These Are the Safest Ways to Get Rid of Japanese Knotweed in the Garden
Avoid toxic sprays and use our expert-approved tips instead.
If you are one of the unlucky homeowners with unrelenting Japanese knotweed on your property, then we send our sincerest condolences. Introduced from Asia, this rapidly spreading and highly invasive ornamental plant can quickly overtake even the most manicured of lawns—it can quickly grow to 10 feet tall with roots that shoot down twice as deep. Even scarier, it can grow as far as 70 feet from the nearest stem, and it's been known to become so dense that it blocks all light other plants need to grow. To make things worse, Japanese knotweed is incredibly difficult to remove. Due to its rampant growth, its rhizomes can sprout up through asphalt and cement cracks, out of rock walls, through floorboards, and can even cause severe structural problems for your home.
All of this is to say that control and removal of Japanese knotweed is serious business. Yes, the easiest choice might be to grab a bottle of the herbicide known as glyphosate (which is the main ingredient in Roundup), but this chemical has been linked to cancer and is known to have a negative impact on aquatic life and the gut bacteria of important creatures, such as like pollinating bees. Luckily, chemical treatments aren't your only option. In relatively small, newly invaded areas, this frustrating troublemaker can be tackled without the use of any chemicals. Just be forewarned: The process of eradicating it naturally requires hard work, perseverance, an extended period of time (maybe even years), and a multifaceted approach, meaning using not just one but many strategies. If the invaded area is larger (1/4 acre or more), or if you don't have the means to tackle the project yourself, it's best to call a licensed company or a certified agency for possible help.
For those hoping to take on invasive Japanese knotweed on their own, we've rounded up some natural ways to help you win the war against this frustrating plant.
Educate Yourself and Your Neighbors
The first step in dealing with Japanese knotweed is identifying that you have an issue. Japanese knotweed starts as red asparagus-like shoots which become hollow bamboo-like stems. It has green heart shaped leaves and grows white flowers from August to September. "The earlier a new population is detected, the more likely a management effort will be successful—and with less cost in time, effort, and resources," says Tom Lautzenheiser, Central/Western Regional Scientist for Mass Audubon. Another key point to remember is that because Japanese knotweed has an extensive, highly invasive root system, you should reach out to your neighbors if they have it on their property and educate them on its tenacious behaviors.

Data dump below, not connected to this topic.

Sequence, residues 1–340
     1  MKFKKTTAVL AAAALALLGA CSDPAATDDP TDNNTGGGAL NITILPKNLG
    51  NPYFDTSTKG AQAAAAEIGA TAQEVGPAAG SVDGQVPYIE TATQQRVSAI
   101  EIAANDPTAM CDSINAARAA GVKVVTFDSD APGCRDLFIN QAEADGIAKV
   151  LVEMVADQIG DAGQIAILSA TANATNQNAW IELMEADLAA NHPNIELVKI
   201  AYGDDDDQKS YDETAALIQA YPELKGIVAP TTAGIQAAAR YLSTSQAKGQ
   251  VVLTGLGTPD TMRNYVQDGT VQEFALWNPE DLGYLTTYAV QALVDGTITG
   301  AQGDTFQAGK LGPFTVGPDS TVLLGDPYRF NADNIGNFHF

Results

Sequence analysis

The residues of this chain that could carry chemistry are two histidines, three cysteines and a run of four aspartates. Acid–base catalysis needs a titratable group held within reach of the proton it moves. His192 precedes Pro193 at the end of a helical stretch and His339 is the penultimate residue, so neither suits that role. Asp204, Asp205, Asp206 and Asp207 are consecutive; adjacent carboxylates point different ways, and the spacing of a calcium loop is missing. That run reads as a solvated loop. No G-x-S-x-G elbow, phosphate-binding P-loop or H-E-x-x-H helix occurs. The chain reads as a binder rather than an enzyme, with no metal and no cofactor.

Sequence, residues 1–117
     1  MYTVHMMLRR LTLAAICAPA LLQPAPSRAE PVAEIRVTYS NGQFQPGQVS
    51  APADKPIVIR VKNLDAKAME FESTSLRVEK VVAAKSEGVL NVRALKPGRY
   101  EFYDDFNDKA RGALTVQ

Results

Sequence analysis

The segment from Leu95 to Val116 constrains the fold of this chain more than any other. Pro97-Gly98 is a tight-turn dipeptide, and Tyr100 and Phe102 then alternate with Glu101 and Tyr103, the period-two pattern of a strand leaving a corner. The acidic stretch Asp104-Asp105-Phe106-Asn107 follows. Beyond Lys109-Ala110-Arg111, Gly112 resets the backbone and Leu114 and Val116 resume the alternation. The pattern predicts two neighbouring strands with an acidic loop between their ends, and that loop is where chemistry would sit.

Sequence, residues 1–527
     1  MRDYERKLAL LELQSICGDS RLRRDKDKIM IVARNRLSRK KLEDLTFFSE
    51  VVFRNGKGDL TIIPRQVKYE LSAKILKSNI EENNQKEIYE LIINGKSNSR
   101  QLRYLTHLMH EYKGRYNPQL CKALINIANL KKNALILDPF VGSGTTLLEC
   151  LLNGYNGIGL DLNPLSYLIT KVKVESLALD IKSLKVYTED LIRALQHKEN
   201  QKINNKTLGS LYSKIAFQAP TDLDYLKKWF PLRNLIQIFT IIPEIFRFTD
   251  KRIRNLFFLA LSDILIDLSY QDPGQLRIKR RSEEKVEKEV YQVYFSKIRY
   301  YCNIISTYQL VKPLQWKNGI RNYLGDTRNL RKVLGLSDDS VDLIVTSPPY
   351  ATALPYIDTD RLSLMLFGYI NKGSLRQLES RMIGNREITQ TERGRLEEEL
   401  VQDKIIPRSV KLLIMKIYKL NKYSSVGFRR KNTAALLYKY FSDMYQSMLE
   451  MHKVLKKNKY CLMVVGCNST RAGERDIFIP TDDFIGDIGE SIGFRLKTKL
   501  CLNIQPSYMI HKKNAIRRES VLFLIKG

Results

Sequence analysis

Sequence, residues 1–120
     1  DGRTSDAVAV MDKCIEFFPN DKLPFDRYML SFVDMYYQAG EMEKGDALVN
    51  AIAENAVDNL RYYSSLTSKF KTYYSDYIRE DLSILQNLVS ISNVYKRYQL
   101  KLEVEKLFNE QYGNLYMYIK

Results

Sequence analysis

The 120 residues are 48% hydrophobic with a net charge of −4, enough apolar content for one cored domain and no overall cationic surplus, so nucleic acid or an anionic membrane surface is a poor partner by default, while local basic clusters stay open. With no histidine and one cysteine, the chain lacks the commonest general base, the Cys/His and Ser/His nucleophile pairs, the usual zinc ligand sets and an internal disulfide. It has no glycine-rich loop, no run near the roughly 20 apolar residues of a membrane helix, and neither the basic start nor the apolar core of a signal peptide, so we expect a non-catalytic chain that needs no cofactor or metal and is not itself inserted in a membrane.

Cut Down and Remove the Canes
One method is to use sharp pruning shears or loppers to take down the stems as close to the ground as possible, making sure to remove every last cut piece and fragment because as little as half an inch of the root or cut stem can grow into another plant. Begin cutting the stems at least every two to three weeks as soon as the plant appears in the spring (usually April) and continue through August. Sprouting slows around this time which means so can your cutting frequency.
Because Japanese knotweed is considered a controlled waste due to its potential to cause ecological damage, be sure to carefully dispose of the roots. Never put Japanese knotweed in a compost pile where the soil can become contaminated with bits that can continue to sprout and spread. Wondering where to get rid of it then? Before heading to your local landfill site, first check to see if they accept invasive plants and let them know what you plan on bringing. Another option is to pile up and dry out the stems on plastic, before tossing—just make sure they don't re-sprout or get washed or blown away.
Spread a Covering
Once you have cut down the stems, immediately spread a strong, dark material over the area so that the ground underneath will be deprived of necessary sunlight and water in order to starve any new growth. Be sure to weigh down the covering of choice with heavy rocks, bricks, or carpet scraps so it doesn't blow away. Plan on leaving this covering in place for one full growing season. (Japanese knotweed usually starts growing in early spring and continues until autumn before going winter dormant.) Just make sure to watch out for rhizome escapees.
Sink a Barrier
Rhizomes will try to escape from the covered area, so consider sinking a tough plastic barrier down several feet into the ground around the perimeter of your covering. This method is similar to containing running bamboo—with that invasive plant, you typically dig a trench around the area where bamboo is growing, then sink a sturdy liner into the dugout area to stop it from spreading.
Excavation of Japanese knotweed involves thoroughly digging the plant and its roots out from the ground with heavy machinery. Although this is a far quicker method, it's more expensive and often results in a far larger portion of your yard getting destroyed in the process. Isaiah Messerly, team leader for the Great Lakes Invasive Plant Management Team. says, "Excavation is discouraged in large areas as it is difficult to ensure the entire root system has been completely removed. Plus, we don't encourage transporting invasive plant material around due to the risk of it spreading." Lautzenheiser has mixed feeling son the excavating method, explaining, "The first question is how long has the population been established/how large is it? In a new population, the only truly effective non-chemical technique is to dig the plant out completely—but every fragment must go. If you're dealing with a well-established population, however, the most effective, long term and sustainable approach to knotweed management is herbicide, and even that is not a one-and-done solution."